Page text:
It is always a best practice to be vigilant of your surroundings whether it is walking in your neighborhood or shopping at your favorite locations. North Park security and the Dallas Police Department will continue to work to keep the mall a secure and vibrant shopping area where the public can go with confidence of being safe.

—  John Wright

Halloween Block Party sees record attendance; future Cedar Springs events to require fencing

We’ve posted photos and video from Saturday night’s Halloween Block Party on Cedar Springs, but we also had some pretty major news to share.

About 12,000 people attended this year’s Block Party, according to police estimates, up from roughly 8,000 in 2009. DISD Detective Sgt. Jeremy Liebbe, co-operations commander for the block party, said when he first began working the event eight years ago, attendance was only about 4,000.

While some don’t appreciate the apparent influx of non-LGBT people to the block party, Liebbe said he thinks it’s actually a good thing for the community. However, he added that the increasing crowd size presents some safety issues, and authorities likely will require future block parties on Cedar Springs to be fenced.

“It’s good for the businesses, it’s good for the economy of the community, but that does create some added public safety issues that we have to stay ahead of the game on,” Liebbe said, adding that local authorities can apply lessons they’ve learned from larger events like the St. Patrick’s Day Parade on Greenville Avenue.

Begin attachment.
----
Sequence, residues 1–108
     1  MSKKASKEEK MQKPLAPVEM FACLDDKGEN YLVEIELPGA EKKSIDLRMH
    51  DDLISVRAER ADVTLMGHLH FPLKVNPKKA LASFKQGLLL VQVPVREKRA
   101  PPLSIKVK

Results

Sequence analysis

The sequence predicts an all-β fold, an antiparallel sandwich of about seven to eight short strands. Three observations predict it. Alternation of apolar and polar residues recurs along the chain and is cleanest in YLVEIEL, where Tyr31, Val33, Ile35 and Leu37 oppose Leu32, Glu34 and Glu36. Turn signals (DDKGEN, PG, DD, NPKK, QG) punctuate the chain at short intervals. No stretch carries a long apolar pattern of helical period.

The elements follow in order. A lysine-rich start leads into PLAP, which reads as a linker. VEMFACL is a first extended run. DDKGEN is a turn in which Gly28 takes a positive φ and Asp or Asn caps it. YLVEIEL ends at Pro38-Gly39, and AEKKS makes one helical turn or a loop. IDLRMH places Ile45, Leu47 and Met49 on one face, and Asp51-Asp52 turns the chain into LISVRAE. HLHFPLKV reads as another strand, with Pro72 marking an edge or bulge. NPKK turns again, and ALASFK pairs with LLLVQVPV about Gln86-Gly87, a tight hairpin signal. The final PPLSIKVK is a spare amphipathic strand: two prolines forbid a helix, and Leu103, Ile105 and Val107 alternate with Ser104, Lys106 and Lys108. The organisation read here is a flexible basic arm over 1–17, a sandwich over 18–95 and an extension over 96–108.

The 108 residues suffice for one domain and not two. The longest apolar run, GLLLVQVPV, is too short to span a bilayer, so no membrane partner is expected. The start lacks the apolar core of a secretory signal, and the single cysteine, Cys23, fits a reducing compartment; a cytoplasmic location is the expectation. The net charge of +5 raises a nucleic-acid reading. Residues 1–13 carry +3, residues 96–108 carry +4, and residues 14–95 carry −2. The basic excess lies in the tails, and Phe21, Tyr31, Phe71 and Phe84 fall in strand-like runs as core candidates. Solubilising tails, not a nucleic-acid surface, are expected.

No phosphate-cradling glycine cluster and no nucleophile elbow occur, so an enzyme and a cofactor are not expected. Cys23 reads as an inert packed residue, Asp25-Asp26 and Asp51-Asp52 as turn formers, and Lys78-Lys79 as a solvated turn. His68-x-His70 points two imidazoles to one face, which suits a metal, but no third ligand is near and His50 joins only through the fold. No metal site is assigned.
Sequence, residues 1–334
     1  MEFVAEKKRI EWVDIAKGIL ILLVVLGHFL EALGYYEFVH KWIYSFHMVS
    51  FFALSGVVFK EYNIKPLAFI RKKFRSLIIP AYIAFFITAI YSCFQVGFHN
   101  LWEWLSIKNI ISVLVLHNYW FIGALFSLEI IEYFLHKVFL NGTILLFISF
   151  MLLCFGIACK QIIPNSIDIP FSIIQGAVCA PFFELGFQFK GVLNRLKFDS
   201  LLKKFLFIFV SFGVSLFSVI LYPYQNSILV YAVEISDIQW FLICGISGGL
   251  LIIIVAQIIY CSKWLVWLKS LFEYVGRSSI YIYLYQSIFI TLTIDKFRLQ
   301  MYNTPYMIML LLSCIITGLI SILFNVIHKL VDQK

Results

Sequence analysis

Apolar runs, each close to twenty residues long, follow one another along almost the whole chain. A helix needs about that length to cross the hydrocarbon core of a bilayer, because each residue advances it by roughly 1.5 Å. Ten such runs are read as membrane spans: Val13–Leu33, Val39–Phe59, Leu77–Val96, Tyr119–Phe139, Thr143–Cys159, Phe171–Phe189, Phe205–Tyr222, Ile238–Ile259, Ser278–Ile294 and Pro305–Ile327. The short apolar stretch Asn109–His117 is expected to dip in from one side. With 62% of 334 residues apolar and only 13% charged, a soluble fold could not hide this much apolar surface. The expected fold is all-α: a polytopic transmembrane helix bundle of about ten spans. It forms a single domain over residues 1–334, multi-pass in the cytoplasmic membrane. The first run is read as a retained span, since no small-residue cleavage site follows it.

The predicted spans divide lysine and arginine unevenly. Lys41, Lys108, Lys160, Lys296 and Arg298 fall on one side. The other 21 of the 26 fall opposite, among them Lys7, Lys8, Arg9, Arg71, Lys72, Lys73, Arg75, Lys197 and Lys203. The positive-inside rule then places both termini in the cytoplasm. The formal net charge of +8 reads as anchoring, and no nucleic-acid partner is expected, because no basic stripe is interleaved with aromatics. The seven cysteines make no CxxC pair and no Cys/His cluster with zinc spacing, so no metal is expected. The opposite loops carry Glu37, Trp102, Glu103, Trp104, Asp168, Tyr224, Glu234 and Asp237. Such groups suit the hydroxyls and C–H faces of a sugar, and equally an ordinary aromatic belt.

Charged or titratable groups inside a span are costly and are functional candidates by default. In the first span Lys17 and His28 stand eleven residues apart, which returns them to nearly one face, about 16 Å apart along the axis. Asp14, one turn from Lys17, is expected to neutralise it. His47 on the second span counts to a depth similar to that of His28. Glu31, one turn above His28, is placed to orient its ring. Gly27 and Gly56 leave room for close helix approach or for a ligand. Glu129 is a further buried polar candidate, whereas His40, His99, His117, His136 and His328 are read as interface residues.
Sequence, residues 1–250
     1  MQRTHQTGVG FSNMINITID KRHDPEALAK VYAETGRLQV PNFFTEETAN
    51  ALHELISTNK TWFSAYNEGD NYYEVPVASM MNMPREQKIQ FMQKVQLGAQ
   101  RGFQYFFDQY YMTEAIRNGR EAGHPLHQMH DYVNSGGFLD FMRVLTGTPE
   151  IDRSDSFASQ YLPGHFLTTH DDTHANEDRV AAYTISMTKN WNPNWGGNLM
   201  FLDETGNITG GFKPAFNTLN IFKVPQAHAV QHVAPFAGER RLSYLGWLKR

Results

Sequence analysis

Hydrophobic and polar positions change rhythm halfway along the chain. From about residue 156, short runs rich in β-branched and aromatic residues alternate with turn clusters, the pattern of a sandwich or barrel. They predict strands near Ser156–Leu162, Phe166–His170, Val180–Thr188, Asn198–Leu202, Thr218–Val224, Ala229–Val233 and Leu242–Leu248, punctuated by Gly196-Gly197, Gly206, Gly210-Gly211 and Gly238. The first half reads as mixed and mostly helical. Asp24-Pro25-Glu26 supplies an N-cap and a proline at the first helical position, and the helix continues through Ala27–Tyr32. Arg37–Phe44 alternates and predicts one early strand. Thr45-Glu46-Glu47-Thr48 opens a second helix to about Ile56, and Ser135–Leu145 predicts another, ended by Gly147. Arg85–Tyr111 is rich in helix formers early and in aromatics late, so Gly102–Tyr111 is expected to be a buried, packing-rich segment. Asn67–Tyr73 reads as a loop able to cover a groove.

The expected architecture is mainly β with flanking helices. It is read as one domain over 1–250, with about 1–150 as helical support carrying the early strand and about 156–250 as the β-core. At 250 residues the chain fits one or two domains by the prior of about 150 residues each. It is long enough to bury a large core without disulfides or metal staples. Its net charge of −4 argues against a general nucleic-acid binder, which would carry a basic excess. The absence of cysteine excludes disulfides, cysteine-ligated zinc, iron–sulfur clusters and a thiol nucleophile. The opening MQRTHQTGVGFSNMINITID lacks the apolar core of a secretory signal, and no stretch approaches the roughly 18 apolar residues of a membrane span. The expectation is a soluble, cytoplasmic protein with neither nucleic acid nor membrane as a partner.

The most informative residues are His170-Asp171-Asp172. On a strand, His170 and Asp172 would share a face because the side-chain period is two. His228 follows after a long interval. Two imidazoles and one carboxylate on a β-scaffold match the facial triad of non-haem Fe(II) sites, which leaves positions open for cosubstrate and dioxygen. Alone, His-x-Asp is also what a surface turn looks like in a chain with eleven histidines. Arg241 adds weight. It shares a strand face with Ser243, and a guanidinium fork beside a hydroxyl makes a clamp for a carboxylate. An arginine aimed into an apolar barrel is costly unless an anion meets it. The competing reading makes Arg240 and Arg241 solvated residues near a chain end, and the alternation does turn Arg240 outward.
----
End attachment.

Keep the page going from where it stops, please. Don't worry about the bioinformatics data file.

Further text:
Liebbe said all future block parties on Cedar Springs, including arts festivals, likely will require fencing. He said the fencing is inexpensive at only a few hundred dollars, but it will allow authorities to create a handful of checkpoints where people can enter and leave. In addition to controlling crowd size if necessary, they can stop people from bringing in alcohol in glass containers, coolers and backpacks, which is illegal.

“It’s all about what we can do to increase the safety and enjoyment of everyone who’s coming to the events,” Liebbe said, adding that many people purchase alcohol at places like Walgreen’s and Valero, not realizing they’re not supposed to bring it in. “Our biggest concern right now is the glass and the risk of injury.”

Liebbe said the fenced area for Cedar Springs block parties likely will extend from Reagan Street to just west of Woody’s, and possibly beyond ilume for some events. He said there are no plans to charge admission for people to enter the fenced area.

“It’s going to be as invisible as we can make it,” Liebbe said of the fencing. “We’re going to use the natural barriers.”

Liebbe said there are no plans to fence off the area during the Pride parade, although there is some talk of fencing Lee Park during the Pride festival.

Despite the huge crowd at this year’s block party, there were only five arrests, Liebbe said — two for assault, one for theft and two for public intoxication. Liebbe credited strong cooperation from the community combined with good work by officers for the small number of incidents.

“The problems are historically very, very low at that event,” he said.

—  John Wright